Cardiac Magnetic Resonance Imaging-Guided Therapies for Chronic Hemorrhagic Myocardial Infarction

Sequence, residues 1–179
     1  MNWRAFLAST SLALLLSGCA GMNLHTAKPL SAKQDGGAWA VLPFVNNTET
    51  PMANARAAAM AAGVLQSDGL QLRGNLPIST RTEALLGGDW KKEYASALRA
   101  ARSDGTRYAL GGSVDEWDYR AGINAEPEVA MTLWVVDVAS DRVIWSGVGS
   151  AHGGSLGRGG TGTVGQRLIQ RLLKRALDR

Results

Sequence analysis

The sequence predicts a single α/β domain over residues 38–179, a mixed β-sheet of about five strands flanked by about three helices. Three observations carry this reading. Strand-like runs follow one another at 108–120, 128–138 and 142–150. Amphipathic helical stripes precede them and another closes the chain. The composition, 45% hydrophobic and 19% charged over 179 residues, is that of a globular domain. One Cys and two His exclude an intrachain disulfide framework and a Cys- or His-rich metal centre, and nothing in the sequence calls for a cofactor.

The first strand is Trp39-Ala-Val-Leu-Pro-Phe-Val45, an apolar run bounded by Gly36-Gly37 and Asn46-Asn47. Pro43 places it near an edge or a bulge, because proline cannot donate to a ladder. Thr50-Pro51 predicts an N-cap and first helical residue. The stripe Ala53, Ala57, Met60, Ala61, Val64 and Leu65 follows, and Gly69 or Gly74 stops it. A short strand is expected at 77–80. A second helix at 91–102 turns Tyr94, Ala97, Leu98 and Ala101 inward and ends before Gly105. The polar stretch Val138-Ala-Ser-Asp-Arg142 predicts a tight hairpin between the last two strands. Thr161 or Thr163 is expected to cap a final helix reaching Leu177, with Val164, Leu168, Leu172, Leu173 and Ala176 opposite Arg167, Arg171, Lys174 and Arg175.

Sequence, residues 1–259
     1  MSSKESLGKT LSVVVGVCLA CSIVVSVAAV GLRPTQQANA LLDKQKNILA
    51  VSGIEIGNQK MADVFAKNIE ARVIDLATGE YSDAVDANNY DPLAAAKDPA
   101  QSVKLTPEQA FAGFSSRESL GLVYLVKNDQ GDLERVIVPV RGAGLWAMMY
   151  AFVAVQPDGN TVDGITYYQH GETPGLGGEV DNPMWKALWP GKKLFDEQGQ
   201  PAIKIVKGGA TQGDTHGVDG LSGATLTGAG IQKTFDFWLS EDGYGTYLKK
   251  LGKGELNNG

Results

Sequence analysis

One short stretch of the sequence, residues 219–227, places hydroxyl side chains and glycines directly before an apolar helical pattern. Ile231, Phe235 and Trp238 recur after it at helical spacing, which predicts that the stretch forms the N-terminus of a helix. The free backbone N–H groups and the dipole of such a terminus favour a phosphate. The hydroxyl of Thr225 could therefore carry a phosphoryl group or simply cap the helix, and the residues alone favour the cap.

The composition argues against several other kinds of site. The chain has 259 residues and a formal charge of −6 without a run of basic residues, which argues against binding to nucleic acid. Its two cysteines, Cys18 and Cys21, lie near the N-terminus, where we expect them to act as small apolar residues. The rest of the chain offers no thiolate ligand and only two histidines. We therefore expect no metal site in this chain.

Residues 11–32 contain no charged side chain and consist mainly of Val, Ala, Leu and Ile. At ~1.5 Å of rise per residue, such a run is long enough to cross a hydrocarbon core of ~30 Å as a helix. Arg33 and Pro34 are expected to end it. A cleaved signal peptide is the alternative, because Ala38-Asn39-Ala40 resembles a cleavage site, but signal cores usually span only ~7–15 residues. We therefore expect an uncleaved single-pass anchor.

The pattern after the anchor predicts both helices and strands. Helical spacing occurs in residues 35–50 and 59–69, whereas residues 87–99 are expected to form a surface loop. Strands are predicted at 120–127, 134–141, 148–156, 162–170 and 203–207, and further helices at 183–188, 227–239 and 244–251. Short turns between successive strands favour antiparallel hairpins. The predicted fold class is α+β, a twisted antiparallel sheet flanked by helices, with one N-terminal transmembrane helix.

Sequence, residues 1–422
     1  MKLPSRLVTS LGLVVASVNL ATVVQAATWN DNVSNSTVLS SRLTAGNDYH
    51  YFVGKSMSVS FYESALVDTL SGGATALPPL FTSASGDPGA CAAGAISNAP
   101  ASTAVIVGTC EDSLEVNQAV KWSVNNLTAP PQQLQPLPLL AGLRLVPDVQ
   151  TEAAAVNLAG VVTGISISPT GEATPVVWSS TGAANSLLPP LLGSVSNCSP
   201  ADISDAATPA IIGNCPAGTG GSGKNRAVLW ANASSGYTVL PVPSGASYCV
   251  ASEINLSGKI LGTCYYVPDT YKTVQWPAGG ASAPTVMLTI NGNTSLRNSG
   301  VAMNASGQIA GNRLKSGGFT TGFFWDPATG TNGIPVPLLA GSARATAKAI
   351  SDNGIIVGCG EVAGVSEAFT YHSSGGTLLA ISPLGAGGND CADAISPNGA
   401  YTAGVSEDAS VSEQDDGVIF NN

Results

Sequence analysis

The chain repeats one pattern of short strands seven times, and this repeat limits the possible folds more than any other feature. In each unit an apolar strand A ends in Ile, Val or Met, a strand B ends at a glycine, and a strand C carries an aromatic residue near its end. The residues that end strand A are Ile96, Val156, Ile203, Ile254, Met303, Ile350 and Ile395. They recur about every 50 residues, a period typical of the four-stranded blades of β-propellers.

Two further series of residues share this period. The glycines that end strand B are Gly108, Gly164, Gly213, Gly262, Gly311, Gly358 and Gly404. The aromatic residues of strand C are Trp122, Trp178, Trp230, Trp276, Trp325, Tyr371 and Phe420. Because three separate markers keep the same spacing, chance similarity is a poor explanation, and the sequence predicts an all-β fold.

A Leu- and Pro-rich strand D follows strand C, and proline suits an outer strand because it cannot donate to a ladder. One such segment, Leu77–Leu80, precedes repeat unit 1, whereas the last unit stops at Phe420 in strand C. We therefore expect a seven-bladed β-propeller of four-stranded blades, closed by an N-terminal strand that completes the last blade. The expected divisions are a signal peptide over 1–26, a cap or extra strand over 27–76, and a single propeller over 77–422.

This dissertation aims to evaluate therapies that have the potential to improve the recovery of the left ventricle (LV) following myocardial infarction (MI) burdened with intramyocardial hemorrhage (IMH). Prior studies have shown that hemorrhagic MI results in the deposition of chronic iron in the myocardium, which induces cytotoxic effects as well as impacts the normal function of the microvasculature. In order to characterize the content of intramyocardial iron, T2* magnetic resonance imaging (MRI) was used as the gold standard in non-invasive detection of cardiac iron, and therefore acts as a diagnostic guidance tool informing the efficacy of the therapies. The dissertation may be broken down into three phases, all performed with MRI guidance to elucidate: 1) mechanistic understanding of the microvascular environment in chronic MI subjects; 2) effects of iron chelation therapy via Deferiprone (DFP) administration; and 3) effects of therapeutic hypothermia (TH) induced post reperfusion. The first phase investigated the long-term changes in myocardial perfusion assessed via MRI, in patients with reperfused myocardial infarction and an animal model of ischemia reperfusion (I/R) injury. From animal studies, histology, immunohistochemistry (IHC), and western blotting analysis were performed to elucidate the mechanistic underpinnings of MRI observations. The outcomes of this study led to the discovery that hemorrhagic MI results in reduced myocardial perfusion within hemorrhagic, but not non-hemorrhagic, MI territories. Further, the protein expression investigations enabled the proposal of a mechanistic pathway to examine the role chronic iron deposition plays in the perfusion defects observed in hemorrhagic MI. The subsequent study in a canine model of hemorrhagic MI to remove iron from within chronic infarction regions using the small-molecule iron chelator deferiprone (DFP), is the first to show the potential to abrogate resting perfusion defects observed in the hemorrhagic MI setting. Furthermore, the study showed that the recovery of rest perfusion did not persist following termination of the DFP therapy, indicating the potential need for continuous, or extended, iron chelation in this population to maintain persistent benefits. Lastly, the study showed the potential beneficial impact of DFP therapy on LV remodeling by resulting in reduced end-diastolic mass, suggesting a possible role of iron in LV hypertrophy and diastolic dysfunction. Finally, a study of post-reperfusion localized therapeutic hypothermia was conducted in a pig model to evaluate the potential impact of hypothermia therapy on IMH and chronic iron deposition. This is the first study to show the capability of therapeutic hypothermia to reduce chronic iron deposition in hemorrhagic MI. The results of this study showed that post-reperfusion hypothermia did not impact acute infarct size and did not affect hemorrhage in the acute phase (day 3 post-MI). However, by 1 month hypothermia-treated animals showed significantly reduced T2*-derived iron deposition volume, which held when normalized by infarct size. By 2 months post-MI, absolute T2* values were also indicative of decreased myocardial iron content, with significantly increased T2* values (lower iron content) in hypothermia-treated animals. Furthermore, LV ejection fraction (LVEF) was significantly elevated at 2 months in the hypothermia group, suggesting a positive effect of therapeutic hypothermia on chronic LV function. In summary, this dissertation used animal models of hemorrhagic MI to investigate two promising therapeutic methods for alleviating the adverse remodeling in hemorrhagic MI subjects, showing promising results that will aid the future development of adjunctive clinical therapies for advancing treatment in MI and ischemia reperfusion injury.